The first time I saw the Civivi Keen Nadder I knew I had to get my hands on one. The first images I saw of the Keen Nadder were from the Civivi OneDrive share they provide to dealers. However, my interest wasn’t as a knife dealer. It had my attention on a personal level. It was just one of those knives.. As soon as I saw it, I knew it was one I was going to want for my own pocket.
Once they were available on the Civivi ordering portal I made sure I didn’t waste any time. I got my order placed right away.
Upon arrival, I first opened the Civivi Keen Nadder C2021A; that’s the black model. The first impressions of this knife were in no way disappointing. The knife has a good solid feel and heft to it. The modified tanto style blade is unique and has an interesting cool factor. The handle is made from G10. However, it has a coarse textured feel to it that I have not seen on other knives. The blade has a nice matte stonewashed finish that is not reflective. Due to its narrow handle height, it’s an impressive knife, because you really have a pocket knife with a larger blade, but it is still able to keep a slender profile and not take up much pocket real estate. This is by far one of my favorite knives in recent times. Those are my first impressions!
The overall length of this knife is 8.2” inches. The handle is made from a coarse textured black G10 or from micarta depending on the model you are interested in. The handle length is 4.75” inches. The handle thickness is .5” inches. The handle height is .75” inches. The blade length by itself is 3.48” inches. The blade on this knife is made from Bohler N690 steel and is a bit thicker than most coming in at .15” inches; being thicker tends to be more common with tanto style blades. Starting with a thicker stalk helps keep the nose of the tanto rigid preventing tip breaks and similar failures. The blade is a gray stonewashed finish.
The Keen Nadder has what I suppose we would call a modified tanto style blade. Tanto style blades are typically known for their strength, high points, and piercing abilities. From the back of the blade, the flat edge is typically straight which leads to the front tip of the blade. That front tip generally angles upwards at roughly a 45 degree angle. The tip also has a straight edge. On the Civivi Keen Nadder, the edges of the blade are not straight. The longer flat edge is concave while the tip of the tanto blade is convex. This truly gives the Keen Nadder a very different look which in my opinion is great! One last thing I would like to point out is the jimping on this knife is really well done. It’s a fat, thick, and chunky jimping that no thumb can miss. The size of your hand will not matter.
Side note on sharpening: I’ve heard some people say because of this modified tanto blade shape it would make sharpening more difficult. Well, I’m here to say I’ve carried the Keen Nadder now for a couple of months. I’ve sharpened this knife a few times. I have not had any issues what-so-ever. I believe that train of thought is faulty and debunked.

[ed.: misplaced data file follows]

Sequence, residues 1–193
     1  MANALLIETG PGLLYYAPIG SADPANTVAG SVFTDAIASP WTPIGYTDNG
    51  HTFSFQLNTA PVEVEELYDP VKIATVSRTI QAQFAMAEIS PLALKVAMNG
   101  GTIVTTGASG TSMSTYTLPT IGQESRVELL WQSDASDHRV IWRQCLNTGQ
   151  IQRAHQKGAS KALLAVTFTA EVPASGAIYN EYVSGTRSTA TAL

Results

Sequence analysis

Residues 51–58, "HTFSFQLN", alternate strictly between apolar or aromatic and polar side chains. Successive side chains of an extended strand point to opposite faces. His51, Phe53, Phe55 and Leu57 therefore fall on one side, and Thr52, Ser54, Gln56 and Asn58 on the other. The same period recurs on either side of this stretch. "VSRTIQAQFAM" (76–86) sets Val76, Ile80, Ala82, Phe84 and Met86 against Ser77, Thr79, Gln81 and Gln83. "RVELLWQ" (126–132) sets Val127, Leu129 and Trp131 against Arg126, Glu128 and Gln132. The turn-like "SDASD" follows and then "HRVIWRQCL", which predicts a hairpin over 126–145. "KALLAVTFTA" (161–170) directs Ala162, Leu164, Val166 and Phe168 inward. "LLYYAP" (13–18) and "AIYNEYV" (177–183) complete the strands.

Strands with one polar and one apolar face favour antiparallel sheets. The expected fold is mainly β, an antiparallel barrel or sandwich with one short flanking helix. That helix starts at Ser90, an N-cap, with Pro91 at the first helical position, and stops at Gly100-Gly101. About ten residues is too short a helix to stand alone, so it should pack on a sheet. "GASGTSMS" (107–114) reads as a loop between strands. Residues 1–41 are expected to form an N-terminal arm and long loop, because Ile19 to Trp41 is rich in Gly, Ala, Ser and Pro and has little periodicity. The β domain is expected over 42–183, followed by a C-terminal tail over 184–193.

At the time of writing this review, there are three models or versions of the Civivi Keen Nadder. They all have the same blades and hardware. The only difference is the handle colors and materials. The black version has chunky course G10 handles, while the other two versions sport an olive green and brown micarta handle scales. The texture on the olive green and brown versions are typical of what you would find on other Civivi knives and is nowhere near as coarse as the black model.
I always make a point to talk about the pocket clip on every single knife I review. Civivi never fails! The Keen Nadder just like every other pocket knife I’ve come across by Civivi does indeed feature the all mighty deep carry pocket clip. In my opinion, if a pocketknife does not have a deep carry pocket clip, the designer did it wrong. Period.
Deployment on the Keen Nadder is achieved by two methods, flipper and thumb studs. I tend to always use the flipper as most of my knives offer that feature and I subconsciously am trained to do so. However, this knife also opens effectively and efficiently via the thumbstuds. I believe when using the thumb studs it takes a bit more effort to open the blade than on other knives making it seem a bit like an afterthought almost. However, since I primarily use the flipper tab on the back of the knife this in no way has a negative impact for me or on my review. If you prefer to open a knife using the thumb studs that may prove to be a useful bit of information for you.
The lockup on this knife is very rigid and has a satisfying ::chunk:: once the liner lock is engaged. There is no movement or wiggling in any manner at or near the blade pivot. Once this blade is open there is no chance of the blade accidentally closing. The liner lock is extremely secure.
Fit and Finish
When I close this knife and look at the blade and how it closes, the blade is perfectly centered between the handles. This knife operates smoothly and cleanly with precision every single time. In general, Civivi does a good job on most of their pocket knives in these terms. All faces, sides, and edges (minus the blade) of this knife including the pocket clip have rounded edges. To the eye, nothing looks out of place. And by feel, everything seem to be right where you would want it.
The Civivi Keen Nadder is a great looking, extremely functional pocket knife, that is very budget friendly. I own a lot of pocket knives. Right from the get-go this knife caught my attention. And now, this is one of my favorite knives that I carry more days than not. This is my go to EDC! If you are looking for a reliable pocket knife with a tanto style blade this is a very solid choice.